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Supplemental Draft Environmental Impact Statement/General Management Plan, Biscayne National Park, Florida

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National Park Service, Interior.


Notice of Availability of a Supplemental Draft Environmental Impact Statement for the General Management Plan, Biscayne National Park.


Pursuant to Section 102(2)(C) of the National Environmental Policy Act of 1969, 42 U.S.C. 4332(2)(C), the National Park Service (NPS) announces the availability of a Supplemental Draft Environmental Impact Statement/General Management Plan (Supplemental Draft EIS) for Biscayne National Park (Park), Florida. The Supplemental Draft EIS describes and analyzes two new alternatives that have been developed since the 2011 release of the Draft Environmental Impact Statement/General Management Plan (Draft EIS). A new NPS preferred alternative has been proposed that incorporates various management prescriptions to ensure protection and enjoyment of the Park's resources, while providing access for visitors.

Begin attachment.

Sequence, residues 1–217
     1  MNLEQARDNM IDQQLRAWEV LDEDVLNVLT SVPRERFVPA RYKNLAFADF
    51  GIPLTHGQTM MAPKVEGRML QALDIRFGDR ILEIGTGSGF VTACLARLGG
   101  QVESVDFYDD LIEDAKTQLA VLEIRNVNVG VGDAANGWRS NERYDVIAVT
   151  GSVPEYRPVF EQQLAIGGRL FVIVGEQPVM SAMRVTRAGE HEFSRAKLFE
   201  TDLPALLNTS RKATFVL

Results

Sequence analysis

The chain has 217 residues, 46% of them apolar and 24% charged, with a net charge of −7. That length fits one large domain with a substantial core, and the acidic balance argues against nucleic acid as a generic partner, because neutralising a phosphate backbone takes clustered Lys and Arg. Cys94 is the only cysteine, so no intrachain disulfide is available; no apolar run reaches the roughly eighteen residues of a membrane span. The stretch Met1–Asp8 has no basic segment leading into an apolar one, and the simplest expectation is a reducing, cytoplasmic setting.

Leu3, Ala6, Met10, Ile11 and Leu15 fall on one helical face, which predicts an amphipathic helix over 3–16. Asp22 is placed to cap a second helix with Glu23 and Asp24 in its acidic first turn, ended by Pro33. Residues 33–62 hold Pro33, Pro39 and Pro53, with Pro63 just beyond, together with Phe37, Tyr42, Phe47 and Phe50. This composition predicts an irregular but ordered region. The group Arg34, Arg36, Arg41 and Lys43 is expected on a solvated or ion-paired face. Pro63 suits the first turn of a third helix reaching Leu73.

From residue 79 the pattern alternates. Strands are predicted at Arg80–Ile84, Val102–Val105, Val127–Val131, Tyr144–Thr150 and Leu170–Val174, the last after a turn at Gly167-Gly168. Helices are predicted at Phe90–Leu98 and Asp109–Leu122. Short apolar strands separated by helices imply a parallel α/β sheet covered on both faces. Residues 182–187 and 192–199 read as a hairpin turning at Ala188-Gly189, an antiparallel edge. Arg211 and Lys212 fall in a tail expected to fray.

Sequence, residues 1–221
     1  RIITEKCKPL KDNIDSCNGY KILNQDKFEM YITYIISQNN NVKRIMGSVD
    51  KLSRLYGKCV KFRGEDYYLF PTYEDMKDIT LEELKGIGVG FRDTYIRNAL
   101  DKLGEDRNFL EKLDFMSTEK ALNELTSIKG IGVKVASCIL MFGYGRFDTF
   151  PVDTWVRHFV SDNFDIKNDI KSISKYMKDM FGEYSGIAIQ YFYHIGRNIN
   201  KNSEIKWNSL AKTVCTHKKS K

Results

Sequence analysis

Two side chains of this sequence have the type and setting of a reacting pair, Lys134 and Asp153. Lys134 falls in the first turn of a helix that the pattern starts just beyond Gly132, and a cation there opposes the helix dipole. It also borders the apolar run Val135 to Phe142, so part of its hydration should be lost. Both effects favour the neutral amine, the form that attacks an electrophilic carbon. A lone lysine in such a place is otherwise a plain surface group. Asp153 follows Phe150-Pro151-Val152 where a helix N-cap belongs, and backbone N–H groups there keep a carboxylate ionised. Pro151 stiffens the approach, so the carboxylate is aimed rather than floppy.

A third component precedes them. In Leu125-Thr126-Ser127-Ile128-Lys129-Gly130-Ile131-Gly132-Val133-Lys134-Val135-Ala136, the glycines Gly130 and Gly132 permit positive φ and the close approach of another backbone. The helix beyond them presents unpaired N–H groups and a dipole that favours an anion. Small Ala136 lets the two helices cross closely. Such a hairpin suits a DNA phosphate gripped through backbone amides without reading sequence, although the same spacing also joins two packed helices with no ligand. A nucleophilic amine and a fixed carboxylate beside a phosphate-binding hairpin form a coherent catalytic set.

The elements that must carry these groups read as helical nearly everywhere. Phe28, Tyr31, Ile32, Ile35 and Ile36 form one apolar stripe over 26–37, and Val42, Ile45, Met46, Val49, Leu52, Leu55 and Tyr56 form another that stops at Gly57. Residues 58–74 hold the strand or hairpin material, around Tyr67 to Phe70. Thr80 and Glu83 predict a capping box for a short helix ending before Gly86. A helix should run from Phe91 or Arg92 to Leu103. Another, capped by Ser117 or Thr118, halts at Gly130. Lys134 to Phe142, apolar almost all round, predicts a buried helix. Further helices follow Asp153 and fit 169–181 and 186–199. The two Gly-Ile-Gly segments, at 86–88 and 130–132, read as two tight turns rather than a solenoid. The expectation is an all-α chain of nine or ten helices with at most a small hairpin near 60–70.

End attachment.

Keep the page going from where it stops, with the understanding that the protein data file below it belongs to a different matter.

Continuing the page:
The NPS will accept comments for a period of 90 days following publication of the Environmental Protection Agency's Notice of Availability in the Federal Register. We will announce the dates, times, and locations of public meetings on the Supplemental Draft EIS through the NPS Planning, Environment, and Public Comment (PEPC) Web site:​BISC and media outlets.


Electronic copies of the Supplemental Draft EIS will be available online at​BISC. A limited number of compact disks and printed copies will be also available at the Park headquarters, Biscayne National Park, 9700 SW 328 Street, Homestead, FL 33033-5634.

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Superintendent Brian Carlstrom, Biscayne National Park, 9700 SW 328 Street, Homestead, FL 33033-5634 or by telephone at (305) 230-1144.